This post contains SPOILERS for The LEGO Batman Movie
Last week, Warner Bros. released the second installment of their blossoming LEGO film franchise, The LEGO Batman Movie, to widespread critical acclaim and a solid $55.6 million opening weekend haul. Though the project featured Will Arnett reprising his hilarious version of the Dark Knight from 2014’s The LEGO Movie, this production was essentially a standalone adventure that made no overt references to LEGO Batman’s previous adventure with Emmet and Wyldstyle. Director Chris McKay was more concerned with constructing a well-meaning parody of Batman mythology than forcing continuity between the two films.
Since LEGO Movie and LEGO Batman were fairly disconnected, some might be wondering how (or if) the pair is intertwined in the overarching picture of the LEGO movie world. As it turns out, the two are very much part of the same series, and the plan is for LEGO Batman to have some kind of effect on 2019’s The LEGO Movie Sequel, which recently found a new director in the form of Trolls helmsman Mike Mitchell.
While speaking with EW, McKay opened up about how the spinoff fits into what the creative team has already established, including its relationship with the real world element that was a crucial part of the first LEGO Movie:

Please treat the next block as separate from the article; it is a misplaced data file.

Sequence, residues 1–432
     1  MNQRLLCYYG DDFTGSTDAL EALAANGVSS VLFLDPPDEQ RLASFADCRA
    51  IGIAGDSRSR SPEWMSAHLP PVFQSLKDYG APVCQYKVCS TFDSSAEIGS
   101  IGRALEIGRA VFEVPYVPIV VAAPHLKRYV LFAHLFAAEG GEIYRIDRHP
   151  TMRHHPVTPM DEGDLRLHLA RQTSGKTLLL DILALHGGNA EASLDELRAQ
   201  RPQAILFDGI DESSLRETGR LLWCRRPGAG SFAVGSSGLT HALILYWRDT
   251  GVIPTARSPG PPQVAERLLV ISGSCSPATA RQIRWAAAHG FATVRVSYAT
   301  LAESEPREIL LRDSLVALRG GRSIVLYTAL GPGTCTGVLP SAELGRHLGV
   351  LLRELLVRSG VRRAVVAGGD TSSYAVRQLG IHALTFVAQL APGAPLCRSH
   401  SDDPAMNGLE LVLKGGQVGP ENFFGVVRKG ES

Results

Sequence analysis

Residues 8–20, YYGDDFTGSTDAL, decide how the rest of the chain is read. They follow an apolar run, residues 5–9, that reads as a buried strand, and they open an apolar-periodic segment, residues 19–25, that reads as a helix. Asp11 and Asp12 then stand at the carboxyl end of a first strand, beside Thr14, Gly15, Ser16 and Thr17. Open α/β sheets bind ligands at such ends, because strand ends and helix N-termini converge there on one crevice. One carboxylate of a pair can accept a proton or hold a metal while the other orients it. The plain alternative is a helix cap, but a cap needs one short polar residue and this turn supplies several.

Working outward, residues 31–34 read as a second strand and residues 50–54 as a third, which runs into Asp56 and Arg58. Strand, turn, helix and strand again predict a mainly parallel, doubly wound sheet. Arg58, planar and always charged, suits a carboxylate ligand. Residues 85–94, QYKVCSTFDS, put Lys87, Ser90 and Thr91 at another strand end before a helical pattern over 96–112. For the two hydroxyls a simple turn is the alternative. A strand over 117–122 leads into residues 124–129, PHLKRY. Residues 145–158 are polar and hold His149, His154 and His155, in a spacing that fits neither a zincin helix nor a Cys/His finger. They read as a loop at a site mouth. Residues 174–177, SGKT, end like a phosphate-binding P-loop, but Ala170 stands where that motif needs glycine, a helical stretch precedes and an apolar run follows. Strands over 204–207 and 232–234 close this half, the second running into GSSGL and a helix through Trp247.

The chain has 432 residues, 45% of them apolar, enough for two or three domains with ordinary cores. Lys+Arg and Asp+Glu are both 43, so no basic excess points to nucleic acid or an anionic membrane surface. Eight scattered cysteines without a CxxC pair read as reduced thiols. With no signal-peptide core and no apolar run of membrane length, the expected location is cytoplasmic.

Everyone says this, but for lack of a better phrase, there’s a LEGO cinematic universe that we’re building that has a sci-fi premise, as far as the world that the movies are taking place in for the majority of the running time, and the other world that’s out there. I think over the course of the movies, we’re building out the relationship between those. There’s no mandate necessarily to do that, but we are very actively working to find all of the rules and develop that relationship between the real world and the LEGO world. You’ll start to see it in what we’re doing with Ninjago and what what we’re doing in LEGO 2.
Since the LEGO franchise is still in its early stages, it isn’t surprising that the filmmakers are continuing to iron out the rules of the world and figure out the proper balance. It’s good to hear that there isn’t a “mandate” on that front, and the top priority seems to be telling entertaining and heartfelt stories that delight moviegoers young and old. Fans are probably looking forward to seeing more of the dynamic between our world and the LEGO world, but it has to be a natural fit for the narrative at hand. In LEGO Batman‘s case, there may not have been a good time to cut back to “reality,” so to speak. Additionally, that subplot in The LEGO Movie was so well-handled, any attempt to duplicate it in LEGO Batman would run the risk of being less genuine and not as affecting. For the purposes of this movie, it’s better we stayed in Gotham and the rest of the LEGO DC universe.
Those who enjoy Arnett’s riff on the Caped Crusader will be pleased to learn the plan is to bring him back for The LEGO Movie Sequel. McKay told EW, “There are going to be the repercussions of what’s happened in [LEGO Batman]. If you agree that he went through some change, there’s more stuff in store for Batman in LEGO 2.” This is a nice development that shows LEGO Batman isn’t just some one-off sideshow; it’s an integral part of the franchise at hand and has a lot of value. After seeing Batman learn the importance of working with friends, it would be a shame if he reverted back to his loner ways like nothing ever happened. Perhaps some of his new family members, like Robin or Barbara Gordon, could return as well.
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